There are also a number of specific steps to help promote positive culture change. It all begins with gaining a better understanding of your current culture through conversations, focus groups, surveys, etc., so you can better assess where it is that you want to go. From leadership, to people supported, families, and employees, it’s important to have the various stakeholders involved so there is input and investment across the organization. In developing your objectives for your agency culture, you can also use your existing mission, vision, values, and goals as a guide. Finally, when you start putting it all into action, you will need to create benchmarks so that you can track the progress of your culture change.
Building off the ‘positive’ aspect of culture change, your transformation efforts can be amplified by having a strengths-based approach, especially through the use of Appreciative Inquiry. It is a transformational process that applies lessons learned from areas of success within an organization, to areas where there are opportunities for improvement. This process is certainly relevant to the human services field since – at least traditionally – a disproportionate amount of attention is often placed on what’s not working or what’s wrong.
Instead of a deficiency-driven approach, appreciative inquiry is centered on exploring and expanding assets to promote positive change. By reframing your outlook from “what did we do wrong?” to “what did we learn from this?” you’ll be able view your organization, its services, and the impact on people, through a new lens.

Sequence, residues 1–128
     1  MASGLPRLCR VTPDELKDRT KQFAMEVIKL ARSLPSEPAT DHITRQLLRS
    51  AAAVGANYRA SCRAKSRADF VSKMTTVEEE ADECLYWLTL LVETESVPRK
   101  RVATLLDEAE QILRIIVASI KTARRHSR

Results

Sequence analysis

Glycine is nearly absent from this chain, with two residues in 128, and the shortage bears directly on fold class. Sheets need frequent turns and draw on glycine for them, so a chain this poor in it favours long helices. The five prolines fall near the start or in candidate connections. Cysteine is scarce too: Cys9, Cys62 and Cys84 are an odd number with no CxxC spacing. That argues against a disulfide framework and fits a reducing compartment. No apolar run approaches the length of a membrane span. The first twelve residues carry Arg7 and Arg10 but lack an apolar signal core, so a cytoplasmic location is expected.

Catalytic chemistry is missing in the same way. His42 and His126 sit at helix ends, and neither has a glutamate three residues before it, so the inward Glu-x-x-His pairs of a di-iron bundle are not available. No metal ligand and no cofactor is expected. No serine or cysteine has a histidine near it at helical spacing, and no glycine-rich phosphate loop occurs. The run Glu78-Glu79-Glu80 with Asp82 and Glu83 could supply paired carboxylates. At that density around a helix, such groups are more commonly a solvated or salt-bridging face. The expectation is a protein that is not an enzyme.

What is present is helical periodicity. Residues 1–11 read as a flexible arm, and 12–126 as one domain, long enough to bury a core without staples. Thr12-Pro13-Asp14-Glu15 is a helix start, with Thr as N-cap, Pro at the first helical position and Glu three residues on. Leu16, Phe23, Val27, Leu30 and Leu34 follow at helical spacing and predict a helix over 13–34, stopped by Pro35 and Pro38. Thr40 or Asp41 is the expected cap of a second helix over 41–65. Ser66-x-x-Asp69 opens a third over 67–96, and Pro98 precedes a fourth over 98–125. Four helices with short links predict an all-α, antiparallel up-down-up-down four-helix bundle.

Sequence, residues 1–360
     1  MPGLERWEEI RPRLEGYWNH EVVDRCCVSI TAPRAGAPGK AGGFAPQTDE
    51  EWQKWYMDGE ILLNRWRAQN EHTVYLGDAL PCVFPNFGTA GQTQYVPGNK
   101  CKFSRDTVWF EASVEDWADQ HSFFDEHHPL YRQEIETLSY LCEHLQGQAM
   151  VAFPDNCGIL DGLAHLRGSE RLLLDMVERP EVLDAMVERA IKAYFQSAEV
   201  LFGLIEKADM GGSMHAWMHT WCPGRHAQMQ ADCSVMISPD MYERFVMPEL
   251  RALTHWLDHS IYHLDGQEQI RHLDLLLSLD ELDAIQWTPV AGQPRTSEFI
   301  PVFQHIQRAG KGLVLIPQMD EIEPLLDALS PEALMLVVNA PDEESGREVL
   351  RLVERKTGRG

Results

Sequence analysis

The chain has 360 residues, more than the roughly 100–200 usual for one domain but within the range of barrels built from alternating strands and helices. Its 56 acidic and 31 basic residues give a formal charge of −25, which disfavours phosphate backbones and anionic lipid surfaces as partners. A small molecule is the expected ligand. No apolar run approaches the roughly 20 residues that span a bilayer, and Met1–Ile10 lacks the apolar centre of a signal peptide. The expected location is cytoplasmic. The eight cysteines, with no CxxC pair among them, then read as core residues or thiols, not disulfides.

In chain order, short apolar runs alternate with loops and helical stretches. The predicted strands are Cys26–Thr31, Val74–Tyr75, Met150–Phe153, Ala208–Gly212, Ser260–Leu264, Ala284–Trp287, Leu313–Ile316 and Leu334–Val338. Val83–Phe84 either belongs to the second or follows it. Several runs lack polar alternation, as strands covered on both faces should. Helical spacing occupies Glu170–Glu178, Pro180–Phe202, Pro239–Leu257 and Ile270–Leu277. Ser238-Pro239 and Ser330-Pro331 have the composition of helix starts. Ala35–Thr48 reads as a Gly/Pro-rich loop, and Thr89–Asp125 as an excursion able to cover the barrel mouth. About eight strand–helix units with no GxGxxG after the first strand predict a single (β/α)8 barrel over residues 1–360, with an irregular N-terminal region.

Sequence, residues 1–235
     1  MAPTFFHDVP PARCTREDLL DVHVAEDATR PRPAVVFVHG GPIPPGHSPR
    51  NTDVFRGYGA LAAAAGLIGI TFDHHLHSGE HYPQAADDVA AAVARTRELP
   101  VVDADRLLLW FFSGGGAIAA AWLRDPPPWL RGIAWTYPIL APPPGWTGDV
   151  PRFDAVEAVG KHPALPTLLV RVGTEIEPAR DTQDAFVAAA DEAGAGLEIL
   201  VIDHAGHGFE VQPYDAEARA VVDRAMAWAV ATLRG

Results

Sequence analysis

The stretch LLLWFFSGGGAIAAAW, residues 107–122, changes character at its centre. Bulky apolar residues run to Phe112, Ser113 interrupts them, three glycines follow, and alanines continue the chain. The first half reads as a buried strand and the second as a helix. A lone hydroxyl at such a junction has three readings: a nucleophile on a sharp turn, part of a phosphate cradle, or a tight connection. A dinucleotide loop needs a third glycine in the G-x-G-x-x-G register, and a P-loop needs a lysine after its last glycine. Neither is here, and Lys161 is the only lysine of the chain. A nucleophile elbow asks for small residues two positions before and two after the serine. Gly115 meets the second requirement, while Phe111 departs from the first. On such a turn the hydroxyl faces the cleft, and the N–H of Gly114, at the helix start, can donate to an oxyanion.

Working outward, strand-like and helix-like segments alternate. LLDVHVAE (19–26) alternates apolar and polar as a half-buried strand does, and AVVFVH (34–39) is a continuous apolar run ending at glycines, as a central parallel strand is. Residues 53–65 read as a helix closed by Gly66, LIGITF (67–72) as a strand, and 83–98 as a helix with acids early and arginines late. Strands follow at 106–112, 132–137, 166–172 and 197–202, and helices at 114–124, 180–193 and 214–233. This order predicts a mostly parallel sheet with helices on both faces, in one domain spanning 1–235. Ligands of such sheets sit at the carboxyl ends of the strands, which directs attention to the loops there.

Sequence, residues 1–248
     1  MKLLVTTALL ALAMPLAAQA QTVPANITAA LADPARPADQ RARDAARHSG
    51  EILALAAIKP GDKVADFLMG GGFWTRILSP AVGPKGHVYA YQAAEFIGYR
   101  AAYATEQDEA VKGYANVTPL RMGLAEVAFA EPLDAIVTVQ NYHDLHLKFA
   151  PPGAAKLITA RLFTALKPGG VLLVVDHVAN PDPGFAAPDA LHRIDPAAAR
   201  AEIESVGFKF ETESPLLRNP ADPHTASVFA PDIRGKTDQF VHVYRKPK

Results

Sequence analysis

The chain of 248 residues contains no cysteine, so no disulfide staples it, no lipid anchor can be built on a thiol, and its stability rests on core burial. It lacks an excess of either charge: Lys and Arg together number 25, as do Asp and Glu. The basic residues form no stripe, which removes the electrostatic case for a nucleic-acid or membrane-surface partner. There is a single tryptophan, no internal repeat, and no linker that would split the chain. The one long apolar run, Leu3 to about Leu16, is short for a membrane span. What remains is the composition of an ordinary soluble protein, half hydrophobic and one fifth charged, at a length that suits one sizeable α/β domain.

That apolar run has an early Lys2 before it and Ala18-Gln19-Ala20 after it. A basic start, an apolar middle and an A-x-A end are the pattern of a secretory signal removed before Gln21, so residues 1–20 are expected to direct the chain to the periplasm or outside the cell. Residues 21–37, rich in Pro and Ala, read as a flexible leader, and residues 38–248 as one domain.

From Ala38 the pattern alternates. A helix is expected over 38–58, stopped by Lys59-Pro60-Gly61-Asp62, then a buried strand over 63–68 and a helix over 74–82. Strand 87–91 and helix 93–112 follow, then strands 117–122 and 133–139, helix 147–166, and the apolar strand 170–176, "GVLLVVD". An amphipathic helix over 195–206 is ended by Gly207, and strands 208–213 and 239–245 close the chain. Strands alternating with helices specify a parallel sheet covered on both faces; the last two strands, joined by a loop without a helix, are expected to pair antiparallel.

According to 2018 survey of top leaders by the Harvard Business Review, 97% of respondents stated that being strategic is the most important leadership skill. However, 96% shared that they didn’t have enough time for strategic planning. This demonstrates just how important it is to devote time and resources to this area.
Strategic planning provides organizations with a roadmap throughout the transformation process. The process offers us insight into both where we’re going, as well as how we’ll get there. Through strategic planning, you’ll also have measurable outcomes to ensure that you’re making progress on that plan.
One point of caution with strategic planning involves the ‘secret sauce’ approach – the desire for a one-size-fits-all guide or toolkit that can be used in developing a plan. While organizations aim to speed up the process through the ‘secret sauce’ approach, it likely won’t address what makes an organization unique or develop strategic objectives that actually fit that particular agency.